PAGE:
Verse 2 assured them that the LORD was fully able to redeem, although they were slow to respond. “When I came” may refer to the LORD’s intervention to deliver them through Cyrus, or when He announced that He was going to do it; when the LORD did this, there was no immediate response of faith. The verse suggests that they were not convinced that the LORD could or would do this, and so were slow to get their hopes up. They had interpreted the exile to mean that the LORD cast them off, or was not able to protect them.
Again, the LORD used rhetorical questions, expecting negative answers. “Is my hand shortened that it cannot redeem?” His hand was by no means shortened that it could not redeem. To make the point, the LORD alludes to past acts of deliverance. The references are to miracles beginning with the Exodus, the drying up of the sea, the provision of wilderness water, or unnatural droughts that brought death. The main idea of them all seems to focus on the crossing of the Sea on dry ground to deliver them from Egypt. The two key words for study in this claim of God’s ability to deliver are nasal (pronounced nah-tsal) and padah (pah-dah).
Verse 3 probably refers to the darkening of the skies with storm clouds (clothing and sackcloth being implied comparisons); but there may again be a reference to the plague of darkness in Egypt, or the darkness at Sinai. The LORD was claiming sovereignty over the elements of nature to show that all power in heaven and on earth belonged to Him.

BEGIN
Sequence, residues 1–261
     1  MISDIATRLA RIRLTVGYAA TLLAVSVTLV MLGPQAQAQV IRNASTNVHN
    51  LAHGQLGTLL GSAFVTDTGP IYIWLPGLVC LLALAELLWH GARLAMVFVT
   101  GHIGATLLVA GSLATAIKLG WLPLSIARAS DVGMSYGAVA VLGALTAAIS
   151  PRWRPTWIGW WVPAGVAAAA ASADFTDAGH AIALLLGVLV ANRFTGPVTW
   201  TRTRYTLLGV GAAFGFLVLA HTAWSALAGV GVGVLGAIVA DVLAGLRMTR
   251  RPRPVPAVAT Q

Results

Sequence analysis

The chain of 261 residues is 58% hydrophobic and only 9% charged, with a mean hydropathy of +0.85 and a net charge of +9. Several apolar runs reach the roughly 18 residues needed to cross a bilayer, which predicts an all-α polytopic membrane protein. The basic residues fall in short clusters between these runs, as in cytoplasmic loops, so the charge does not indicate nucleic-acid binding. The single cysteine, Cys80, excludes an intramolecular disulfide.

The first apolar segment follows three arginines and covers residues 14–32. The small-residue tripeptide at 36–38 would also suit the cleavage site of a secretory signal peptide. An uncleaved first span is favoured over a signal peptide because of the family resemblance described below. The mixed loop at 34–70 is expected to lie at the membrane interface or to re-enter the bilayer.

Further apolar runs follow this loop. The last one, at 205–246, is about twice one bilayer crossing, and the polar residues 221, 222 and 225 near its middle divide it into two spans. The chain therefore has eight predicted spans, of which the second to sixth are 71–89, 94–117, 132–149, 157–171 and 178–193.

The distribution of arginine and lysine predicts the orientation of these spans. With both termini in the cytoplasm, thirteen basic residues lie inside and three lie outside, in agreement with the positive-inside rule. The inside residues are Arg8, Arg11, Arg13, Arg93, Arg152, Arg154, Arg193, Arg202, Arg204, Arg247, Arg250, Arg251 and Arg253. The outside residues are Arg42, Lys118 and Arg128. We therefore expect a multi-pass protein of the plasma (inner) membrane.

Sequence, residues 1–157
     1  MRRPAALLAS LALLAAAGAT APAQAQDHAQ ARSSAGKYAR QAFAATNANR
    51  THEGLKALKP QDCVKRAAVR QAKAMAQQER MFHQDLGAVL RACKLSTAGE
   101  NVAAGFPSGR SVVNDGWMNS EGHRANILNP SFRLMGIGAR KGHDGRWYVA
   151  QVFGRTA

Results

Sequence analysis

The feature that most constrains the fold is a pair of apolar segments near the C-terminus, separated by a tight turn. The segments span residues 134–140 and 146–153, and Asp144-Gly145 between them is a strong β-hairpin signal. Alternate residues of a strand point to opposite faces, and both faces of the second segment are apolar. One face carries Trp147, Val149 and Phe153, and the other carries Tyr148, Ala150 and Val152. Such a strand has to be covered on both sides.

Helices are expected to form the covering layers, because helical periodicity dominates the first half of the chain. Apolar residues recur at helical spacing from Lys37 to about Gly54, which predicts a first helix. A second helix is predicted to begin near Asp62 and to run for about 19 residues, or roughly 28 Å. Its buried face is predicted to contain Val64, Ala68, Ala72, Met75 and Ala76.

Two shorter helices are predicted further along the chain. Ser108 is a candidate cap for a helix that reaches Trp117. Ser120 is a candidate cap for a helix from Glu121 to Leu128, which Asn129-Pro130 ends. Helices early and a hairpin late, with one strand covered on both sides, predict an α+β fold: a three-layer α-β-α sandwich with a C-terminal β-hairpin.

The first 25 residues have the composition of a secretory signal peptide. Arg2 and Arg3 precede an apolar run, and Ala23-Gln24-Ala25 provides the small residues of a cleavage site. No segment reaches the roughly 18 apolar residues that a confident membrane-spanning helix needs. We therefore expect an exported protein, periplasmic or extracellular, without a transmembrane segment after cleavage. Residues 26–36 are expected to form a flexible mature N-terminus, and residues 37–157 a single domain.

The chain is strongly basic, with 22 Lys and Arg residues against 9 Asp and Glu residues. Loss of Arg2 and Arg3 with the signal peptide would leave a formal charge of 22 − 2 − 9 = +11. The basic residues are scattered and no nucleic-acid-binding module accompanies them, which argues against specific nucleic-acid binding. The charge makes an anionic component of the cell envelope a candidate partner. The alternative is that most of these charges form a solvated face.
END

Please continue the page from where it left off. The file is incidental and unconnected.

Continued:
So this first section is rather short but its point is clear enough. God was fully able to redeem His people with as great a deliverance as the Exodus. Moreover, God was fully willing to do this because He had not cast them off altogether, but had sent them into exile for their sins (purging the unbelievers for the land). God can both forgive sinners and deliver them from bondage.
The song seems to be made up of three quatrains: it records the soliloquy of the Servant about his experiences in the past and his hopes for the future.
Verse 4 begins the words of the Servant: in order to teach God had equipped him with a trained faculty of speech. He says, “The LORD gave me the tongue (metonymy of cause) of them that are taught, in order that I might know how to sustain with words them that are weak.” The meaning of “sustain” is problematic here; some suggest “to answer,” “to revive,” or “to feed.” The Greek reads “how to speak a word in due season.”